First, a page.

The Imation Link Wireless Audio/Video Extender is an early example of the promise of higher-speed wireless interconnections, with lower cost, power, and size requirements that are designed to span consumer electronics, PC peripherals, and mobile devices. Wireless USB performance is targeted at 480 Mbps at 3 meters (i.e., delivering the same bandwidth as wired USB 2.0), lowering to 110 Mbps at 10 meters.

The bottom line is that the Imation Link has already saved me from setup hassles and panics in unfamiliar facilities -- I now can literally carry around my laptop while giving a demo or talk, wirelessly streaming the video and audio to the projector, whatever its location across the room.

See my article on Holiday Gadgets 2010: Portable and Wireless for more on portable and wireless trends, devices, and accessories.

See my Consumer HDTV Gallery for more on High-Def TV, displays, and projectors

   Find the Imation Link Wireless A/V Extender on Amazon

December 27, 2010

ZAGG invisibleSHIELD for iPads - Scratch and Fingerprint Protection

I'm a big fan of screen protectors, especially for cell phones that rattle around in my pocket with keys. For example, the ZAGG invisibleSHIELD line (see earlier post) includes screen (and body) protectors from devices ranging from handheld cell phones, PDAs, iPods and other media players -- to portable gaming devices, digital cameras, and GPS devices -- to laptop computers and even watches.

And for the hot gifts of this holiday season (see earlier post), the invisibleSHIELD screen and body protectors are also available for E-book readers including the Amazon Kindle and Barnes and Noble Nook -- plus protection for the hottest gift of the season, the Apple iPad.

The iPad screen is really beautiful, but the reflective surface picks up finger smudges and makes them very visible, which is a bit icky when showing off your new device.

Apple Support recommends cleaning the iPad screen with a soft, slightly damp, lint-free cloth, or with an isopropyl alcohol solution.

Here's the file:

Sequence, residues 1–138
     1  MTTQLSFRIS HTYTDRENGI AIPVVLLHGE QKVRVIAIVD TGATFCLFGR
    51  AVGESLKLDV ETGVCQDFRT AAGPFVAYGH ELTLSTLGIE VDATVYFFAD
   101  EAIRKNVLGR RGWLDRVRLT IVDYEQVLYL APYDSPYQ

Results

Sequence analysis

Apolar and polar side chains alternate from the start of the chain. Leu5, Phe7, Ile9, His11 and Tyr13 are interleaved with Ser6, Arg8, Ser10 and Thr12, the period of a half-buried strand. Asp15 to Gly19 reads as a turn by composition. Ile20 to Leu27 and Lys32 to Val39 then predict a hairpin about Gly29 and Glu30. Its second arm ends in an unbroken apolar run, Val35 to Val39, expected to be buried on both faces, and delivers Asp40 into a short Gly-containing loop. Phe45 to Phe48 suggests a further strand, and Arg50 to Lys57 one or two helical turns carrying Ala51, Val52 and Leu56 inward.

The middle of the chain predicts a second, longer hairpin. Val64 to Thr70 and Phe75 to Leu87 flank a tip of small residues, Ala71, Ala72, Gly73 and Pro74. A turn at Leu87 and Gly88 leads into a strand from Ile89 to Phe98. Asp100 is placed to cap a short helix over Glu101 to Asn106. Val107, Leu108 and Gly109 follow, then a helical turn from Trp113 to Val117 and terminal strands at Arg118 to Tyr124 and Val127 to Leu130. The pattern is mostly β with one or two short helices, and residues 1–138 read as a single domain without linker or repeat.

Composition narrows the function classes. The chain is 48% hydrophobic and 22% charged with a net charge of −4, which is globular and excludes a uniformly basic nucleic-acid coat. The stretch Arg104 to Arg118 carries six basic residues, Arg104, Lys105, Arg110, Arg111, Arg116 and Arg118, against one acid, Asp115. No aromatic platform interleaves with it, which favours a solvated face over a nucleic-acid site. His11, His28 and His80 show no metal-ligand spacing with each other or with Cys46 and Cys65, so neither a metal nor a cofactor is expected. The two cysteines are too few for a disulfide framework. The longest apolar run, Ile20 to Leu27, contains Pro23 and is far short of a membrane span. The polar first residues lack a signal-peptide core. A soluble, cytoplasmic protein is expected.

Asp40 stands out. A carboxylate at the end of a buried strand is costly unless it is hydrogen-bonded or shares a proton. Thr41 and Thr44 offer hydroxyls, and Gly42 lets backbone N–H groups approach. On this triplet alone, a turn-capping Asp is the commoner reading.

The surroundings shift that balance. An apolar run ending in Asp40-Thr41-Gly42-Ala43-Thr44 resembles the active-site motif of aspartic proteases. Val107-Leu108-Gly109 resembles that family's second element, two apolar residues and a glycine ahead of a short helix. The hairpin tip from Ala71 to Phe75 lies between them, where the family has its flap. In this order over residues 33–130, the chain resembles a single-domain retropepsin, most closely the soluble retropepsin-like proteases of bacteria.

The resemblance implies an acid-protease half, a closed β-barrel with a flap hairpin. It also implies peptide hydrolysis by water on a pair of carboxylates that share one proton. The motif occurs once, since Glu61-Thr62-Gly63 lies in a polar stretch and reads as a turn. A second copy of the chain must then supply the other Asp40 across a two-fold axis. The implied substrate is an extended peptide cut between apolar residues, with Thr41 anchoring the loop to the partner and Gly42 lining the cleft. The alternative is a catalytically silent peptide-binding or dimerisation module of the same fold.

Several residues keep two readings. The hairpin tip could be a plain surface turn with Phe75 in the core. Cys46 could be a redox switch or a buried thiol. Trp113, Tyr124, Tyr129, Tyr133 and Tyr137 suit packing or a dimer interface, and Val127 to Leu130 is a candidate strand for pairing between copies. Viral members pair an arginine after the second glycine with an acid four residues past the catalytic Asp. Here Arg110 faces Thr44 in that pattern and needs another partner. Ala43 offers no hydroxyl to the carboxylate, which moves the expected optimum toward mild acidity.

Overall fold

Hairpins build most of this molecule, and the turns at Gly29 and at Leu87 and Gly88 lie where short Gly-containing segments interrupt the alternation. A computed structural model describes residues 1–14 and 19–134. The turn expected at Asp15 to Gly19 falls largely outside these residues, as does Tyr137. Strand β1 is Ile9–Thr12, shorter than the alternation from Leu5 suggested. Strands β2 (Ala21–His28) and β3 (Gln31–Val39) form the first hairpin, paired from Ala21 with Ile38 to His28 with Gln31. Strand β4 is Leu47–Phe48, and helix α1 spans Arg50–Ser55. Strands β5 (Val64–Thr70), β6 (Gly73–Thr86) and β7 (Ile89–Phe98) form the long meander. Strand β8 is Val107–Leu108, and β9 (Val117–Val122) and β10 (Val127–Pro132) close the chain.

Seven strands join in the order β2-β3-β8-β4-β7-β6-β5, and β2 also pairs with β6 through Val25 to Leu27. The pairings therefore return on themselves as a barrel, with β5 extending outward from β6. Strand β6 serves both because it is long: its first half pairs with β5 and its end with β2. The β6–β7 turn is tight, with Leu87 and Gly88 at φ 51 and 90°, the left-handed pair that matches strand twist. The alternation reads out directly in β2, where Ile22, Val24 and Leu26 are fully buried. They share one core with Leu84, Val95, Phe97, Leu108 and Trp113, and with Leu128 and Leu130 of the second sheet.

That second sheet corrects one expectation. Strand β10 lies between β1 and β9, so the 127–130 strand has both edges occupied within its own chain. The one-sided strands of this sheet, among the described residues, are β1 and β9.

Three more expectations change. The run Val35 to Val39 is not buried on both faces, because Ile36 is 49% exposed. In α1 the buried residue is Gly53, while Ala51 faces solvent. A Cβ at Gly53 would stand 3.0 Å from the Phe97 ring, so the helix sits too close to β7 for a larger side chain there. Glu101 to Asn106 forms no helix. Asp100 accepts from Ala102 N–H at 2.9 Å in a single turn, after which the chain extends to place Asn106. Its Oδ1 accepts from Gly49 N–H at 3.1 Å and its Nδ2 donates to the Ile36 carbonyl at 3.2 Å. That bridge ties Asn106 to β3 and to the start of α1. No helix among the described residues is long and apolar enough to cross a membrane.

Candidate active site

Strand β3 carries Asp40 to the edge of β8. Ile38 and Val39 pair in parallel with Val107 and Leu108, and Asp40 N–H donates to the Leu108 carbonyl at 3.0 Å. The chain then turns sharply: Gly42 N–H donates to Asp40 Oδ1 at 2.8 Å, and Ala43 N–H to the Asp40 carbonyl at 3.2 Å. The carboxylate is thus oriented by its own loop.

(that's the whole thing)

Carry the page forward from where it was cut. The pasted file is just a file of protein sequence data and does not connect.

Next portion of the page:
And the iPad Important Product Information Guide (PDF) further explains how the screen is coated: "iPad has an oleophobic coating on the screen; simply wipe iPad’s screen with a soft, lint-free cloth to remove oil left by your hands. The ability of this coating to repel oil will diminish over time with normal usage, and rubbing the screen with an abrasive material will further diminish its effect and may scratch your screen."

Instead, you can use a screen protector like the invisibleSHIELD to both protect the display from scratches and to make it easier to clean.

The invisibleSHIELD material itself is scratch and abrasion resistant, and even self-healing. In addition, the film has a subtle texture, which provides a more secure grip.

The result on the iPad is that the screen still looks great and responds as usual to finger presses and movements, but no longer has the glossy look with highly visible finger smudges, so I no longer need to carry around a cloth to to regularly wipe the screen. The invisibleSHIELD also reduces glare for easier viewing in difficult environments.

Of course, the other issue is installation -- How do you precisely align a big sheet of sticky plastic film onto the face of the iPad? It turns out to be pretty straightforward, as shown in the Installation videos (and also see previous post).

The trick is to spray the film, and your fingers, with the included water-based solution, so you can actually slide around the film on the face of the iPad to nudge it into position. There's margin for error in the process, so you can remove and re-spray the film as needed to get the fit right. (And you can remove the sheet later by just peeling it off.) Of course, a second pair of hands is helpful as well for positioning the big sheet and holding the iPad steady.

After the wet installation, you then need to spend some time using the included squeegee to push the excess moisture and bubbles out to the edges. There will be some imperfections left on the face, which will work out as the material settles in and dries.

It turns out that the hardest part of the processes is finding a time that you can survive without your beautiful new iPad for a day or so -- You need to wait 12 to 24 hours after application for the invisibleSHIELD to "set" properly, and allow any remaining solution to fully dry.

invisibleSHIELD is available in over 5,000 designs for different electronic devices. Designs for the iPad are available at $29.99 for the front or back and $39.99 for the full body. A smaller device like the iPhone is priced at $14.99 for front or back protection and $24.99 for the full body. All come with a 45 day money-back guarantee and a lifetime replacement warranty.

For more fun, ZAGGskins combine the invisibleSHIELD material with customized high-quality images and designs. You can use one of the pre-existing designs or upload your own.

Find the ZAGG invisibleSHIELD for iPad
and invisibleSHIELD for iPhone on Amazon.com


Manifest Tech Site

About December 2010

Entries posted to Manifest Tech Blog in December 2010, listed from oldest to newest.